Home Forums Melanoma: Stage III Beginning peginterferon tomorrow?!?!?

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    I am new to this forum, but have been reading some of the other post and getting some useful information. I was originally diagnosed with melanoma in late August when I found a questionable spot just below my right clavicle. It am back positive for nodular melanoma with a depth of 1.71mm. I had the WLE and the SLNB one week later. One node was removed and are back with micromets of .4 mm. Being a healthcare professional I opted to seek out a melanoma specialist for a opinion on the complete dissection. Long story short, I am currently 5 weeks post op from a right axillary dissection. Feeling pretty good overall. Want back to work after about 4 days and resumed my running and weight training this week.

    I have now been referred to my med onc that I saw about 2 weeks ago. He gave me the options for adjunct treatment of wait and watch or peginterferon. He also mentioned some trials, but said he didn’t think I would qualify for any being stage 3 a. I am definitely a fix it now kind of guy so my wife and I decided for the interferon. I really hat the thought of taking this med but I also can’t stand the thought of not doing anything. I am supposed to see my onc tomorrow to begin my treatment. Being in patient care myself, I have tried to do as much research as possible in a short period of time. I am really anxious about starting this med and wondering if it is the right thing to do. I have also contacted MD Anderson and have an appointment in 2 weeks for another consult. What I don’t want to do is wait, but I also don’t want to begin a med that may disqualify me for a better option.

    Any information or opinions would be appreciated



    Hi Wil,

    Sorry you had to join us. You might also want to consider contacting Johns Hopkins to see if you can qualify for this trial:


    This melanoma vaccine trial is a phase I study for patients with stage IIB, IIC, III or IV melanoma who have undergone complete surgical resection but who are at risk for developing recurrence of their disease. Melanoma GVAX is an investigational vaccine designed to teach the immune system to recognize and eliminate melanoma tumors, which may persist at a microscopic level after surgery. In this study, some patients will receive Melanoma GVAX alone (low dose or high dose), while others will receive Melanoma GVAX plus low-dose cyclophosphamide. Cyclophosphamide is a chemotherapy frequently used in cancer treatment. In this study, it will be given at a low dose to try to augment the effects of the vaccine. The purpose of this study is to find the optimal dose of Melanoma GVAX, with or without cyclophosphamide, that is safe and that produces an immune response. The vaccine will be given in the skin monthly for four doses. Eligible patients must be ≥18 years old with melanoma arising in the skin or mucous membranes (such as the nostrils, mouth, or rectum) that has been completely resected at least 2 weeks but no more than 6 months prior to receiving the first treatment on this trial. Patients with melanomas arising in the eye (ocular) are not eligible. Participants must not have hepatitis, HIV, or any history of an immune disorder. Patients must not have received any type of cancer immunotherapy, such as interleukin-2, interferon alfa or other melanoma vaccines. Patients will be evaluated on this trial for 6 months and then followed yearly for 5 years.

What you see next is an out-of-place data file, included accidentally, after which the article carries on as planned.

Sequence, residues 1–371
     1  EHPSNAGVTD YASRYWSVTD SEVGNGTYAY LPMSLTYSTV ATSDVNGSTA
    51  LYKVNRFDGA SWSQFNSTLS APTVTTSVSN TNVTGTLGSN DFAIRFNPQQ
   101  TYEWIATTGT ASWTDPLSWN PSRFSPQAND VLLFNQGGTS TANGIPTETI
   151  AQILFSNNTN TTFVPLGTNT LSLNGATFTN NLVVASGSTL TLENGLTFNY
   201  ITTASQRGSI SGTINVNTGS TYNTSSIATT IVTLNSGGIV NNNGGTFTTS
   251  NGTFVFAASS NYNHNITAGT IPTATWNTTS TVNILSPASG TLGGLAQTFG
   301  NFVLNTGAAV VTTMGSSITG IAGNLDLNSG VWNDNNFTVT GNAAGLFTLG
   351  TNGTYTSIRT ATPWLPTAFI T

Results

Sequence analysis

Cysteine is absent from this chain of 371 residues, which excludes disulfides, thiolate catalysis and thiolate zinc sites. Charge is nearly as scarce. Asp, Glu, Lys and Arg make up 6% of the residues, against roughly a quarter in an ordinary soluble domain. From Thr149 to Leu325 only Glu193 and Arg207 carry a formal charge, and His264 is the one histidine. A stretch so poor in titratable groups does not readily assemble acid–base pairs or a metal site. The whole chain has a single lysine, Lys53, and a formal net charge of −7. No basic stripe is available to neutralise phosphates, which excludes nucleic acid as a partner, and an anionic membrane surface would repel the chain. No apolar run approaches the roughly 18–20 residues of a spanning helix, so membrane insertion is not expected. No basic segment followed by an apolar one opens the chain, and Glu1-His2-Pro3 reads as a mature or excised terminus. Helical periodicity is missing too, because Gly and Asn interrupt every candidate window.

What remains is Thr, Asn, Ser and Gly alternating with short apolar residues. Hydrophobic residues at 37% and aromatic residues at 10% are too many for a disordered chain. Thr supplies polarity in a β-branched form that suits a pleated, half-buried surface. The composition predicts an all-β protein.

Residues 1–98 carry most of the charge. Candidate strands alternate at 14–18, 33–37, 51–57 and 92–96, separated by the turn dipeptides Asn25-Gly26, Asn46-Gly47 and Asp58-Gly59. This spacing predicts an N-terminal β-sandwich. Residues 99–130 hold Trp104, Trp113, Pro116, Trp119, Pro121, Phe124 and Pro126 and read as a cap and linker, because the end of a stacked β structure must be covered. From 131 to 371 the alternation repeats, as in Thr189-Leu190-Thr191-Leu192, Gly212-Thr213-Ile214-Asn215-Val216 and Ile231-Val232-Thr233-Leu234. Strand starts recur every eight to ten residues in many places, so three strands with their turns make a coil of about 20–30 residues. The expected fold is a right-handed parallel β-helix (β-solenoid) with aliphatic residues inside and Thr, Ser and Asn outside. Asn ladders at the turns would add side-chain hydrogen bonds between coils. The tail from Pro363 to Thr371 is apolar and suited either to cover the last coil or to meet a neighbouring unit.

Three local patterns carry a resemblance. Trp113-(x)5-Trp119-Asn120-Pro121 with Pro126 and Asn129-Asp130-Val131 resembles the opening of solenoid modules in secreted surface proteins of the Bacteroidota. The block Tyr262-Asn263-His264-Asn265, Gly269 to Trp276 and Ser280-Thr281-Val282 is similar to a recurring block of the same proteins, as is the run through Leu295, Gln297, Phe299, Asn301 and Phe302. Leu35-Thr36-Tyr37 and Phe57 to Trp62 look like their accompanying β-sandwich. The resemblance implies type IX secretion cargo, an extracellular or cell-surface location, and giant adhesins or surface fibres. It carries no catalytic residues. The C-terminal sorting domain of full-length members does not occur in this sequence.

This sounds like a great trial. They may be some trials out there for IPI (Yervoy) as well.

    I’m glad some trials are openning up for Stage II and III cases as there’s just not a lot out there exceept Interferon, which is only marginally effective at preventing recurrances.

    Also keep up with the workouts!! You get a physical and emotional buzz. My wife’s oncologist used to point out that those people who go into the battle in the best physical and emotional shape are always in the group that do well over time.

    I can also highly recommend what Catherine suggests and that’s Minfullness Meditation. Just Google it.

    Good Luck!!


    Catherine Poole

    I would also look at MAGE A3 trial is recruiting at UVA http://www.healthsystem.virginia.edu/pub/ct/ct15398. Very promising!

    I will post some info on interferon from other experts. But Peg Interferon is especially tough becuase it is a five year program of daily shots, more toxic than regular interferon but not showing any better results. The top melanoma clinics are not prescribing it. But let me find this article by experts for you to read. It also includes the statement by American Society of Clinical Oncology (the largest oncology association in the world) that states interferon does not increase overall survival. (

    Catherine Poole

    Here’s an article by Paul Chapman about deciding whether to do interferon who heads the melanoma program at Memorial Sloan Kettering: http://theoncologist.alphamedpress.org/content/10/9/739.full


    Thanks for the replies. I just got home from a visit with my med onc who is a melanoma specialist. We decided to hold on the interferon until I consult with MDA. He said if I started it now it would disqualify me from some of the trials. He said his main reason for recommending this great,net is that my particular case was identical to the subset of patients in the original study that showed increased overall survival with peginterferon. 35 y/o with nodular melanoma and micro mets in a single node. I’m still very unsure of the right choice, but ultimately know it is my choice to make. My onc is very open to having further opinions and working with other melanoma specialists to come up with the right plan for me. Again thanks for the responses.


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